Rabat- El Othmani and Doukkali informed the King of the first steps the inter-ministerial commission has made to improve the Medical Assistance Plan (RAMED) in a meeting at the Royal Palace of Rabat.The King noted the inconsistencies affecting RAMED’s implementation and the need to rectify the country’s ailing healthcare system.In his Throne Day speech, July 29, the King urged ministers to focus on RAMED, suggesting that they should collectively work to correct the country’s health system “characterized by blatant disparities and poor management” and bring positive change for Moroccans. Read Also: Macron to Visit Morocco Next Week to Launch LGV with King Mohammed VIThe King pledged to personally supervise the project and remove anything that might hinder its progress.The government plans to cover 90 percent of the Moroccan population with health insurance by 2021.RAMED, which has been in place for six years, and Compulsory Health Insurance (AMO) cover only 60 percent of Moroccans. More than 25 percent of Moroccans (8.5 million) do not have access to medical care, especially the poor who live in rural areas, according to the World Bank 2017 Economic Memorandum.The quality of healthcare is also affected by the many qualified doctors who emigrate because of the lack of proper infrastructure.In his speech on the opening of the legislative year, October 12, the King proposed that foreign investors in the Moroccan healthcare system share their professional expertise to benefit the country’s youth and increase employment opportunities in all sectors.The King said the proposal would be a win-win because the King suggested opening jobs which are “currently unlicensed for foreigners in the health sector.” In May, World Health Organization (WHO) Director General Tedros Adhanom Ghebreyesus pledged to support Morocco’s ambition to extend health insurance to low-income and disadvantaged people.The 2011 Constitution dictates equal access of citizens to health care, basic medical coverage, solidarity, health equality, and equal distribution of health resources.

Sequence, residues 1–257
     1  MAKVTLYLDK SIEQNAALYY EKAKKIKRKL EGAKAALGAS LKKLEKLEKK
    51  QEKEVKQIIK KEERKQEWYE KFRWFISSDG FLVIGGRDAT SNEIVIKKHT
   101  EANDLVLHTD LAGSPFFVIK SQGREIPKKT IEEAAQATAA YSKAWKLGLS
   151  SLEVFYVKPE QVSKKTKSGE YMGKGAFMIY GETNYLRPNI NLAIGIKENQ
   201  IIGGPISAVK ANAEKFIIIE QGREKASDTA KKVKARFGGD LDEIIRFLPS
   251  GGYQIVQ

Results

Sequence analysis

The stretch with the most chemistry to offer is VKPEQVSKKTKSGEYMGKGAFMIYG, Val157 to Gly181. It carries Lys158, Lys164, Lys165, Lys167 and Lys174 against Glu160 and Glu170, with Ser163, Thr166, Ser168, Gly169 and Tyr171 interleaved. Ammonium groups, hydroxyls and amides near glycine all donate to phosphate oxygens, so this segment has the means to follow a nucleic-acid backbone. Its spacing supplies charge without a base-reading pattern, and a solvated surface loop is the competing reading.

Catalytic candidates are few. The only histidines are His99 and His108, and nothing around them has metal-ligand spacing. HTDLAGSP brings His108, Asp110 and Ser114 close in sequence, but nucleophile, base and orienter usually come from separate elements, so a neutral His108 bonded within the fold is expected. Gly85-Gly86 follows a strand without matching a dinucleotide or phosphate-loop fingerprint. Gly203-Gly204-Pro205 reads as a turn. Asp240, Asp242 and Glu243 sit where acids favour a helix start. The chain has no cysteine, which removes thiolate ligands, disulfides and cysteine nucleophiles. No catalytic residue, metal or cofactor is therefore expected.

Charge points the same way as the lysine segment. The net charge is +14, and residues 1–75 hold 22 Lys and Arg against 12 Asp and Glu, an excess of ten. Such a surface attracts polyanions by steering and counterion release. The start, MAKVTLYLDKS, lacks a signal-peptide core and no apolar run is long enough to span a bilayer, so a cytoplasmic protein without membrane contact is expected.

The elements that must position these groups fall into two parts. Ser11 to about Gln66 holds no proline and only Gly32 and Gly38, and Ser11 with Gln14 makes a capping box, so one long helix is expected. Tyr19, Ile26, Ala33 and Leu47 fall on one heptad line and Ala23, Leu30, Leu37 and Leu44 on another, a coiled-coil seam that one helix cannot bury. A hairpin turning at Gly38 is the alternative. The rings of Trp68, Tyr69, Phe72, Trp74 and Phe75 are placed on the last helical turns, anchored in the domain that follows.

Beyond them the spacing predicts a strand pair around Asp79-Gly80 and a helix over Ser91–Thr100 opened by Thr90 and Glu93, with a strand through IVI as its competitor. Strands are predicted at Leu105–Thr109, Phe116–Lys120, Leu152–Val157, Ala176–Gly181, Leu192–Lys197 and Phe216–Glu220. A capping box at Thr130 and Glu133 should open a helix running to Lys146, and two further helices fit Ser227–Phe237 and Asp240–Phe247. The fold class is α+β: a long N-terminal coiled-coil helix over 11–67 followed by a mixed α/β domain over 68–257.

During yesterday’s Euro Mine Expo, there was discussion, among other things, about how the mining industry will be better at diversity. Uneven gender distribution can be a sign of a dysfunctional organization, says Lena Abrahamsson, Professor of Working Science at Luleå University of Technology and chairman of Georange. “The organization can still be ok, but it poses a risk. Even gender distribution is a tool for healthy workplaces”, she says.In connection with the Euro Mine Expo, Women In Mining held a networking meeting and discussion regarding skills & recruitment in the mining industry. Women In Mining Sweden, WIM Sweden, is a network focused on increasing gender equality in the Swedish mining and mineral industry, and serves as a platform where active industry professionals can exchange experiences.During the meeting, Åsa Allan, Site Manager at Kaunis Iron, told about that company’s extensive recruitment process to the mine outside Pajala in Sweden, which will soon be opened. There is diversity and finding the right mix of personalities in focus, but also finding suitable employees who live in the immediate area. She reported that, today, the have reached 40% women in the company.But the percentage gender gap does not always play such an important part in the workplace equality, says Lena Abrahamsson. “If you have a workplace with just men, it can be more equal than an organization with 50% women if it is based on stereotypical ideas about men and women. What matters is what perspectives exist and how people think around questions about men and women,” says Abrahamsson.She believes, however, that gender distribution plays a role. “The type of monoculture resulting from an unbalanced gender distribution gives a signal that there are problems. It can be a problem, but the figure itself is not. Therefore, it is important to look at what is happening within these figures.”Recruitment Consultant Maria Söderberg at Dare Consulting, says that the most important thing is to look at the personality. “I’m always looking for the right person with the right attitude and right values.”Allan believes that gender distribution is important. “Gender distribution does not reflect the society around the mine. That’s an important factor that makes us need to increase the balance.”Martin Eman, Manager Employer Branding at Boliden, believes that today’s situation is a problem. “If we want to be competitive in the future, we need to attract the best talents with the personalities we want. Should we only succeed in recruiting from fifty percent of the recruitment pool, then we will have problems. Especially as many industries and businesses compete for the labor force. Obviously, we must be attractive to all.”Allan points out that one cannot achieve growth with a stereotype group of people. “That’s what happens if you only have men, as supposed to having a good mix of gender, personalities, age and background.”In the picture, Lena Abrahamsson, LTU, in the middle together with, from the left: Anna Nilsson, Ledarna, Maria Söderberg, Dare Consulting , Martin Eman, Boliden & Åsa Allan, Kaunis Iron.WIM Sweden is managed by Svemin, industry association for mines, mineral and metal producers in Sweden. WIM Sweden is also part of the international umbrella organization International Women In Mining.